“The Early Biofilm Community of Antifouling Surfaces in Static and Shear Conditions“
Thursday, 17 Apr 2014: 3.00pm
Dept. of Biological Sciences, NUS
@ DBS Conference Room, S3 Level 5
Supervisor: Asst Prof Peter Alan, Todd
All are welcome
“The process of marine fouling upon submerged surfaces usually begins with the formation of a microorganismal biofilm ‘slime’ that has been shown to influence the subsequent development of macrofouling communities, including algae and invertebrates. This study seeks to understand the relationships between microbial components in slime communities that develop on man-made surfaces. The focus will be on biofilms formed on marine antifouling coatings as unlike natural surfaces, these materials have been chemically defined and are economically important.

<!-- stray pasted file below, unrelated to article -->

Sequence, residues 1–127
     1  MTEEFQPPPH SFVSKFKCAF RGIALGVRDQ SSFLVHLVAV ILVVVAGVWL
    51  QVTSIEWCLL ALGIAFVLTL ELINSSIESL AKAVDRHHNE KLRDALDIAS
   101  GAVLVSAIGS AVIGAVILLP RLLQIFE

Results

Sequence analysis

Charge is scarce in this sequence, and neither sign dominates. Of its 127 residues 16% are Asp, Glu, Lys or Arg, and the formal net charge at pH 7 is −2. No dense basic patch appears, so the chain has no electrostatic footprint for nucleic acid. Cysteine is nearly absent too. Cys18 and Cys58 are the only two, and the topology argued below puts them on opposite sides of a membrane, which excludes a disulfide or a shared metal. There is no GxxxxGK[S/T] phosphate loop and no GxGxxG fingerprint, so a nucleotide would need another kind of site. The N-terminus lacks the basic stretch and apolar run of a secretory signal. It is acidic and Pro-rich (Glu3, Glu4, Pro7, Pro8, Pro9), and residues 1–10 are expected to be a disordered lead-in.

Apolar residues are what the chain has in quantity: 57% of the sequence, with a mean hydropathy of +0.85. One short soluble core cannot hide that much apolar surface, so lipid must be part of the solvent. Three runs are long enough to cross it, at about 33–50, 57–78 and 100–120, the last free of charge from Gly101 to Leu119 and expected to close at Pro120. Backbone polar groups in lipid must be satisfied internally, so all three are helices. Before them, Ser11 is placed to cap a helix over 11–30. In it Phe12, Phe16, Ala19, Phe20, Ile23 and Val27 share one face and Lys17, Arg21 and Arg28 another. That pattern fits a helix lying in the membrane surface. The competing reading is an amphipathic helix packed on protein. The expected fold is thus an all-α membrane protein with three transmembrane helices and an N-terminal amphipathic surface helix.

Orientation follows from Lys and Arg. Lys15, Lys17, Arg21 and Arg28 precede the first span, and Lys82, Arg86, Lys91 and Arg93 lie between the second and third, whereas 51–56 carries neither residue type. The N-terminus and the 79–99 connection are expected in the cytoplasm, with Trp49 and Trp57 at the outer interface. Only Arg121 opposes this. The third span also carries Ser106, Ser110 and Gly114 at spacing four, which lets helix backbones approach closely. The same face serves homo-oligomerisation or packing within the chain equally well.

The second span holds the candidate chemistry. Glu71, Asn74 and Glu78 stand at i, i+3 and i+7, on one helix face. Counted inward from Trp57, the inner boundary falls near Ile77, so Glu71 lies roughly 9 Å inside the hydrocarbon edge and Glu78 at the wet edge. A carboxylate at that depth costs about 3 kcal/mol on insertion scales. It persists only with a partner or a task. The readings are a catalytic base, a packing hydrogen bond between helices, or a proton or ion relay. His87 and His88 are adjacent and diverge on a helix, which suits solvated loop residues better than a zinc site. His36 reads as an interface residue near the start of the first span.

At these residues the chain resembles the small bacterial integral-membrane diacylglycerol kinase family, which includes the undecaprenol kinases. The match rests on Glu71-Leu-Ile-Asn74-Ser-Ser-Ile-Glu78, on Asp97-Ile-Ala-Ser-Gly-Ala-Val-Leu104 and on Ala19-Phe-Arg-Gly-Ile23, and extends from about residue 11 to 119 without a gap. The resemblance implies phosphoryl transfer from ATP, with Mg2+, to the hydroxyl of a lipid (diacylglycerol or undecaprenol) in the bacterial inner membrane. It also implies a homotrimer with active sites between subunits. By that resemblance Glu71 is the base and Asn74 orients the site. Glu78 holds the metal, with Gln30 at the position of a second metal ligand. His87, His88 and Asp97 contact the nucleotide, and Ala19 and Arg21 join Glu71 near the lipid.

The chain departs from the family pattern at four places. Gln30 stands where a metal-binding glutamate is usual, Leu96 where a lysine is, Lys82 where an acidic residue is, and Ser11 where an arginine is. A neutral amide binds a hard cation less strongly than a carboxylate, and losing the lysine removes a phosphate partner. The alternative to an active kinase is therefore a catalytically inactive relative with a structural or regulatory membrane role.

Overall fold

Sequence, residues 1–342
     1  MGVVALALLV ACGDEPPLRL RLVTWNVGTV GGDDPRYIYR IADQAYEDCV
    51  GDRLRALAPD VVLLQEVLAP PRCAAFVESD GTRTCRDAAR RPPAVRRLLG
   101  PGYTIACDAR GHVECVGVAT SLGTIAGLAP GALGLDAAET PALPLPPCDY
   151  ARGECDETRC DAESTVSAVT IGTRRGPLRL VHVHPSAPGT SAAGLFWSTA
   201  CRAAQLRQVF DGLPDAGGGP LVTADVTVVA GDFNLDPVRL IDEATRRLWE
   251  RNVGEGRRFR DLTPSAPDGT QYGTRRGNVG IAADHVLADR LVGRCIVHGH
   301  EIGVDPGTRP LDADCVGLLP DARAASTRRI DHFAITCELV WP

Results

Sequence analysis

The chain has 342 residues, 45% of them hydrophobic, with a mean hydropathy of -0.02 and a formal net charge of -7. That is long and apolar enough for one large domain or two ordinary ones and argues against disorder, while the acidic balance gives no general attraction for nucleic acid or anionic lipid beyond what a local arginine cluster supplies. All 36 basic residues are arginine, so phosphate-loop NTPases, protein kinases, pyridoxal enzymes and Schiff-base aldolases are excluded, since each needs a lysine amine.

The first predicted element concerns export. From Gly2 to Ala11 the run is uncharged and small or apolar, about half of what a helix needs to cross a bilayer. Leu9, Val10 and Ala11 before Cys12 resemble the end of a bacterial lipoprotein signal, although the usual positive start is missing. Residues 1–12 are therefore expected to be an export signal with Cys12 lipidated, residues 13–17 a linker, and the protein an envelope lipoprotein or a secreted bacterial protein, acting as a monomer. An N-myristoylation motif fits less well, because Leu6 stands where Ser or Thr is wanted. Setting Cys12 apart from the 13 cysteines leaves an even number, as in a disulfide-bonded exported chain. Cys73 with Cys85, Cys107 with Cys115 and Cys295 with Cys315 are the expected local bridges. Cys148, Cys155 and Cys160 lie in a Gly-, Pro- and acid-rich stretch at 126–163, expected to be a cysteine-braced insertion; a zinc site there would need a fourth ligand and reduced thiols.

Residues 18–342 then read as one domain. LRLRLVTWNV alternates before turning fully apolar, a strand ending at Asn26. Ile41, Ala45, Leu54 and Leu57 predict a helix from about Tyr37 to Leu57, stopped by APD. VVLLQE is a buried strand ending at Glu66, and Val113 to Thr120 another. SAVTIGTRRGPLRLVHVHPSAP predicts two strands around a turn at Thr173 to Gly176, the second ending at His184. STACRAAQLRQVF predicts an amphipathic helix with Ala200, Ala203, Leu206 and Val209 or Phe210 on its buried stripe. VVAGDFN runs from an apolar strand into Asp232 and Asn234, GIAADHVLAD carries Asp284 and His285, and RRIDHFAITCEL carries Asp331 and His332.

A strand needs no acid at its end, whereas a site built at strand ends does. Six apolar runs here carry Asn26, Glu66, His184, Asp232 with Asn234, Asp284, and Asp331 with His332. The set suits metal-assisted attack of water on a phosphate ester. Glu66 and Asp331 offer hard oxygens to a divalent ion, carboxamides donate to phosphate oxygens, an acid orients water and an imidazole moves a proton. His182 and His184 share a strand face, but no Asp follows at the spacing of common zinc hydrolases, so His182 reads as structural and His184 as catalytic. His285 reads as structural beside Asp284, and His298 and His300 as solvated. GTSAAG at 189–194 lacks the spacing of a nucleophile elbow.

Copper-based paint is the most commonly used antifouling strategy for the shipping industry, but in recent years there has been a move towards non-biocidal materials featuring a variety of foul-release and anti-fouling surface chemistries and microtopographies. This project will observe the development of the early biofilm community upon these surfaces in both static and shear conditions, the effect of diatom Halamphora coffeaeformis on biofilm development, and the subsequent interaction between these biofilms and settlement of model fouling organisms – barnacle Amphibalanus amphitrite and tubeworm Spirobranchus kraussii – with and without the presence of H. coffeaeformis.”